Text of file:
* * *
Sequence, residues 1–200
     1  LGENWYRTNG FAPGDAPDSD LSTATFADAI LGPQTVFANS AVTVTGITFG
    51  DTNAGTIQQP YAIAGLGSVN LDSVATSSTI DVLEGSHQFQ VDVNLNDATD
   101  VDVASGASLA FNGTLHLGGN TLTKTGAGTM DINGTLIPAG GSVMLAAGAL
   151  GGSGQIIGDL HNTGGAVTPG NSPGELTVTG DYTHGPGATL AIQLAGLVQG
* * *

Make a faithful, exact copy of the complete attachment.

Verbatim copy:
Sequence, residues 1–200
     1  LGENWYRTNG FAPGDAPDSD LSTATFADAI LGPQTVFANS AVTVTGITFG
    51  DTNAGTIQQP YAIAGLGSVN LDSVATSSTI DVLEGSHQFQ VDVNLNDATD
   101  VDVASGASLA FNGTLHLGGN TLTKTGAGTM DINGTLIPAG GSVMLAAGAL
   151  GGSGQIIGDL HNTGGAVTPG NSPGELTVTG DYTHGPGATL AIQLAGLVQG